Why getting a real Christmas tree too early can be dangerous


Some places are selling Christmas trees — real, living trees — even though Thanksgiving is still a week away. Some experts are saying it’s too early for that.

Stores are already getting into the Christmas spirit. Decorations are for sale, and while trees also are, many of them are artificial.

But, at the lots, like Mistletoe Meadows in Garner, there isn’t a tree in sight. 

“It’s a little too early for that,” said Rudy Hinton of Mistletoe Meadows.

Consumer Sally Sather said she buys a Christmas tree around Dec. 15. Raleigh resident Ronnie Peoples also said he won’t be putting a tree up just yet.

“I usually start Thanksgiving night or the day after,” he said. “That’s the way we’ve always done it in our family.”

Mistletoe Meadows won’t start filling its lot until the day after Thanksgiving. They’ll be bringing in fresh-cut trees from its Laurel Springs farm up in the mountains.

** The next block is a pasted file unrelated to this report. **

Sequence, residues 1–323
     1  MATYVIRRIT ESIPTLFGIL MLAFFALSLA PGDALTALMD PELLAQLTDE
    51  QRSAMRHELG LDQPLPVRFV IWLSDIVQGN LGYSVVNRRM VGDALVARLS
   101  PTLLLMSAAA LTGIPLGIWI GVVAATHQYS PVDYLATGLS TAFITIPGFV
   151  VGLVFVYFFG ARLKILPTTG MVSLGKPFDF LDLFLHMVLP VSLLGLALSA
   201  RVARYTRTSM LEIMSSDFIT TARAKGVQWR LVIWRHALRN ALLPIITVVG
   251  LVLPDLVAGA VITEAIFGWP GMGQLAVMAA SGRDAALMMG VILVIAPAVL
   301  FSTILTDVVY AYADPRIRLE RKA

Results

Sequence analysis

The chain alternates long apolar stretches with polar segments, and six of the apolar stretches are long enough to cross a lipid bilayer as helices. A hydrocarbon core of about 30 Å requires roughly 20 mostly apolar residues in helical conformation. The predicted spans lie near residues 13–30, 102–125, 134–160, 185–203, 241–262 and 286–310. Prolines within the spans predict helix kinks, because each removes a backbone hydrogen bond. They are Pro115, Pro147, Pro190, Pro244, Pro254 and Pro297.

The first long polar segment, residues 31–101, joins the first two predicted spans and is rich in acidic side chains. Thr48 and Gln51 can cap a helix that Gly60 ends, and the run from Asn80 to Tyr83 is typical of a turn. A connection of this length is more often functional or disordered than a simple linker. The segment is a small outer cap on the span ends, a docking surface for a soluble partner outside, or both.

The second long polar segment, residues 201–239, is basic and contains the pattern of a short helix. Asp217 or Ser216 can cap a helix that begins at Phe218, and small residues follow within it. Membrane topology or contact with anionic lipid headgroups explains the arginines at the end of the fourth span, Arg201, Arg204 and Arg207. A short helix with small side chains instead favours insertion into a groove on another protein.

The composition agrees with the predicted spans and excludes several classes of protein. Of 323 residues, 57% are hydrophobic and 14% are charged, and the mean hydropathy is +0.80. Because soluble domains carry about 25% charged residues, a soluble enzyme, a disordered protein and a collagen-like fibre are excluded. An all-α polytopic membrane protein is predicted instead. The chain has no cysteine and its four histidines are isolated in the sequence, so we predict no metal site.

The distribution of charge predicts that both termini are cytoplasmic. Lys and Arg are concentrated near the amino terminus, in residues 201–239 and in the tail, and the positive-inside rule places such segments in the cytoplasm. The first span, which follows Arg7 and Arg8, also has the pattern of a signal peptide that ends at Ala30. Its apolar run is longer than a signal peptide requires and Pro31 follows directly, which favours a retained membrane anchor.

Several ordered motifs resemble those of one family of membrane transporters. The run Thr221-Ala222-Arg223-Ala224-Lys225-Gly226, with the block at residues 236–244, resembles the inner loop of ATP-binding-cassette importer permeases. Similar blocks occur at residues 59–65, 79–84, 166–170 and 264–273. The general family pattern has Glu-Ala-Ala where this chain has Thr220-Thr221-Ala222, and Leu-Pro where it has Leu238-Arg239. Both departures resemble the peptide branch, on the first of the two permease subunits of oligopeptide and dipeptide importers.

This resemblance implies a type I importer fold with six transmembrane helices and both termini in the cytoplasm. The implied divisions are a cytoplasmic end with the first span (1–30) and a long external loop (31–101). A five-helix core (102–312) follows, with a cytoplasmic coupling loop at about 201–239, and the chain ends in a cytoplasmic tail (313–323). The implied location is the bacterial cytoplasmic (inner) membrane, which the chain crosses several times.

“Some big box trees, they’ve cut them three or four weeks (ago) — maybe longer — and they’re not in the water waiting for someone to buy them,” Hinton said.

Because you only get four or five weeks out of a fresh cut tree, buying one too early can be dangerous. Even if it’s kept in water, it’s not going to be in good shape by Christmas.

“They could dry out and pose a danger with the lights on them,” he said.

Video from the Consumer Product Safety Commission shows how quickly a dry tree will ignite, becoming fully involved within five seconds. 

Trees that are shipped via an open truck to be sold early can be a problem.

“They can dry out quickly, especially in the wind,’’ Hinton said. Since many of those trucks travel down a highways at 65 or 70 mph, the wind drying can be exacerbated.

There is a simple test you can do to see if a tree is going to last.

“You can take a branch of a tree and push it against the grain. If the needles come off it’s not fresh anymore,” says Hinton.

It should be concerning if those needles are falling off.

When buying a tree, make sure you cut about three-quarters of an inch off the base before putting it in water. That fresh cut will help the tree absorb as much water as it can to help it stay as fresh as possible for its four or five weeks inside a home.

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